Upgrade to the Flash 9 viewer for enhanced content, including the ability to browse & search through your favorite titles.
Click here to learn more!
The findings of the Framingham Heart Study—begun in 1948—have been nothing short of revolutionary. Over the years, they have provided conclusive evidence that cardiovascular disease is largely the result of measurable and modifiable risk factors, and that individuals can gain control over their heart health by looking carefully at their diet and lifestyle and changing their intake of saturated fat, cholesterol, and tobacco smoke; losing weight or becoming physically active; and regulating their levels of stress and blood pressure. It is principally because of the Heart Study that this understanding of what was once deemed a “silent killer” today seems intuitive.
The Framingham Heart Study was launched not long after Franklin Delano Roosevelt succumbed to a massive stroke, the result of runaway blood pressure, at a time when cardiologists in the United States numbered fewer than 400 and heart disease was the nation’s number-one cause of death. The study asked 5,209 citizens of Framingham, Massachusetts–who overate, smoked, and suffered heart attacks and strokes to the same extent as the rest of the United States—to undergo biennial physicals, blood tests, and detailed interviews concerning their behavior. The results changed the course of medical history.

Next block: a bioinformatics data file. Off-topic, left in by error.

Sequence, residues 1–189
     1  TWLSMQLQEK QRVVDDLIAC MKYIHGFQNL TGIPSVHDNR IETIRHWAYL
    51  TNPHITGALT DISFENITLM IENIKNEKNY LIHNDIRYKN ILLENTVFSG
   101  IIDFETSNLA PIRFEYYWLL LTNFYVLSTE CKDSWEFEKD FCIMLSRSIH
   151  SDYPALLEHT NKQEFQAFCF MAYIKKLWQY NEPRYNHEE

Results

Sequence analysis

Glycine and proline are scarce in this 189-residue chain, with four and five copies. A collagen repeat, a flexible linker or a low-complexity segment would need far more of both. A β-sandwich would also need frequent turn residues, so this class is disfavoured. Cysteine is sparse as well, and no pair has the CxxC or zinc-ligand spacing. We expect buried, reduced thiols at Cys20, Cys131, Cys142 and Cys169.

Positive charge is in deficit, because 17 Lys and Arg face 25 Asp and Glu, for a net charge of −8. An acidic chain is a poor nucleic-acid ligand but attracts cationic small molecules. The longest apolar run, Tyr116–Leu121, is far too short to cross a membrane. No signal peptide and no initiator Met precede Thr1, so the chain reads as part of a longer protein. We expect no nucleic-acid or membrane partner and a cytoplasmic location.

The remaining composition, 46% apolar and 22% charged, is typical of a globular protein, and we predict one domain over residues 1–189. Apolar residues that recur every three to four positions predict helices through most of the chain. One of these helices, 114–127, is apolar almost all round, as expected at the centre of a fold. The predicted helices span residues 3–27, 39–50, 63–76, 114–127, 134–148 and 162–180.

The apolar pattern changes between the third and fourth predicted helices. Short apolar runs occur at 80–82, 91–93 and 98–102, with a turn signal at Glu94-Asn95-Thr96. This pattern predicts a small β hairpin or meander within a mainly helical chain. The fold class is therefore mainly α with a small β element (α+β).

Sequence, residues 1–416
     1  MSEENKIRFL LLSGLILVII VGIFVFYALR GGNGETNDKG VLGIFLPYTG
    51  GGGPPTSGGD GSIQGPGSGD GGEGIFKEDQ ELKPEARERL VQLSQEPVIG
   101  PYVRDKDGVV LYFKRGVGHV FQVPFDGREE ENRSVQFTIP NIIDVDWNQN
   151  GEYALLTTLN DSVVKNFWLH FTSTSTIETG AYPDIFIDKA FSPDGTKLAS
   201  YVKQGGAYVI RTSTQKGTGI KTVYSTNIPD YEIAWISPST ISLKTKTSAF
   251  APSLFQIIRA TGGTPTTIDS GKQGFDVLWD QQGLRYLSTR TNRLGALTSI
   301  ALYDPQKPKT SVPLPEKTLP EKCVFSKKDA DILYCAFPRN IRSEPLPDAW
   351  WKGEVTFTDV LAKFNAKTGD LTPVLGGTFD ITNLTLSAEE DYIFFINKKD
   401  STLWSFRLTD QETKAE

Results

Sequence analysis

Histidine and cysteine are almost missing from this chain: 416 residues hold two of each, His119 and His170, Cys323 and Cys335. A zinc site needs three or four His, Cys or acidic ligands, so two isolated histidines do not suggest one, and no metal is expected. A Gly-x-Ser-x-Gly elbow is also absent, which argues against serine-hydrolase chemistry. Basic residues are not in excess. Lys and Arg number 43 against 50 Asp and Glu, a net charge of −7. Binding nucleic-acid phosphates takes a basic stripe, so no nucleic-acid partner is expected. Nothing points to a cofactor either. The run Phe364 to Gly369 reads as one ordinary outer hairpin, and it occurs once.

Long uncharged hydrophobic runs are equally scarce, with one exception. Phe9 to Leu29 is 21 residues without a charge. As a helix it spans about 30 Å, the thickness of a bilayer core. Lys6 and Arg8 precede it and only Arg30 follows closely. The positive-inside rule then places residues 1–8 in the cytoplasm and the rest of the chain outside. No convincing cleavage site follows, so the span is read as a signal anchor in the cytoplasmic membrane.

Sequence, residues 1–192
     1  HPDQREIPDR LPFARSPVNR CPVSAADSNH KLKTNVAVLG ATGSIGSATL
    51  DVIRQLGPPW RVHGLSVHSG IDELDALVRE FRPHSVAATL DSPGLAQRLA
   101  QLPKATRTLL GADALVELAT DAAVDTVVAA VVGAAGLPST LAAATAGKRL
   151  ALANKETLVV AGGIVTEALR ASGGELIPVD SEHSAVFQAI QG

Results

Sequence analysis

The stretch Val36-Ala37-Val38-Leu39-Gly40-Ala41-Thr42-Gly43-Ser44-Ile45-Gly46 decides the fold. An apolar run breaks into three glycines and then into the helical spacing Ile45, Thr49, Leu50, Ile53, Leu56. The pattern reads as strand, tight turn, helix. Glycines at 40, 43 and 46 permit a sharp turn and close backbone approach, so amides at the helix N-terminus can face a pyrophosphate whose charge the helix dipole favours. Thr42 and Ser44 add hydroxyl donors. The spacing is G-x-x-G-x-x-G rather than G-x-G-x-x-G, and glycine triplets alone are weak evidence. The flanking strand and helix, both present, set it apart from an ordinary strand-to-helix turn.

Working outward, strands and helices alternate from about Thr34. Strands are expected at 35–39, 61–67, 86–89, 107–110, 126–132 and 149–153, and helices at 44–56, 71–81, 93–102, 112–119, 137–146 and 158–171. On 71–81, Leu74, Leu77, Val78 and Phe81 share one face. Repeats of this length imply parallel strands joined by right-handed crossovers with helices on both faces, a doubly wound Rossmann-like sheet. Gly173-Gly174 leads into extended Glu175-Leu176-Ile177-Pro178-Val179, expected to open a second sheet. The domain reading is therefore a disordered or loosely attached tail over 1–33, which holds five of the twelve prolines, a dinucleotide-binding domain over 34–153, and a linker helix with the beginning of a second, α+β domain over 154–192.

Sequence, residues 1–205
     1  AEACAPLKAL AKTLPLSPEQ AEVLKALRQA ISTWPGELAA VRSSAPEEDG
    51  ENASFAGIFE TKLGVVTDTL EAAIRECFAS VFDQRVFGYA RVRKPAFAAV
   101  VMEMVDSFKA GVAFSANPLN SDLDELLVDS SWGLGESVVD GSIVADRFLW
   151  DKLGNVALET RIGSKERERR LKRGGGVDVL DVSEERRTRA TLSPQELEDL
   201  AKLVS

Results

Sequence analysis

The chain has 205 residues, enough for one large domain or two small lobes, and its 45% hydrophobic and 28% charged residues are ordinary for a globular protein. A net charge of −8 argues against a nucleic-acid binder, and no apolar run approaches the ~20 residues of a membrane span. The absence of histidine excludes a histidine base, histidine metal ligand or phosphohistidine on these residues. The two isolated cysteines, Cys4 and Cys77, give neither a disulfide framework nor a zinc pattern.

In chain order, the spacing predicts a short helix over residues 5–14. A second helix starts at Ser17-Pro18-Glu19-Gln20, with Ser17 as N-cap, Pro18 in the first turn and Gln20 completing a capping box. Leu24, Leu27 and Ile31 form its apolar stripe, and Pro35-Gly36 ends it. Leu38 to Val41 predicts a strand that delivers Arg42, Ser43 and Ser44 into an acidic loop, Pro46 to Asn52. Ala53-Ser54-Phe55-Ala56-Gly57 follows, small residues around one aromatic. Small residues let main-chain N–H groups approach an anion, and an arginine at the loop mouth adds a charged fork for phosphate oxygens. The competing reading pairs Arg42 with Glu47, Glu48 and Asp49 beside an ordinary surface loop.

Written by the Study’s current director and a national health reporter, A Change of Heart is the first account of this heroic cooperation between the U.S. Public Health Service and the people of Framingham. It is a fascinating, clear-eyed assessment of the achievements and challenges of the Framingham Heart Study to date, and of its continuing importance.
“A detailed rendition of one of the most important studies in modern medicine, reinforcing the truth that each of us can control our life to foster health and stave off illness. It is a lesson that never grows old.” —Jerome Groopman, M.D., Recanati Professor, Harvard Medical School
“This book holds many lessons for the present. . . . A Change of Heart is an easy but exciting read. We owe a lot to Framingham.” —Nature
"This account of the Framingham study . . . does justice to the courage and commitment of both the medical scientists and the patients who contributed so much to advancing the field of cardiology." —The Boston Globe
“Based upon numerous interviews, records from the study, and the director's personal knowledge of events and personalities, the book provides a vivid portrait of the day-to-day life of the study. The book is at its best in delineating the study's contributions to preventive cardiology . . .” —Kenneth Ludmerer, Boston Sunday Globe
“The Framingham Heart Study contributed considerable evidence about the important risk factors for cardiovascular disease, effective lifestyle adjustments, and preventative steps. . . . Scattered through the book are important lessons for the prevention of heart disease. . . . An engaging account.”—Science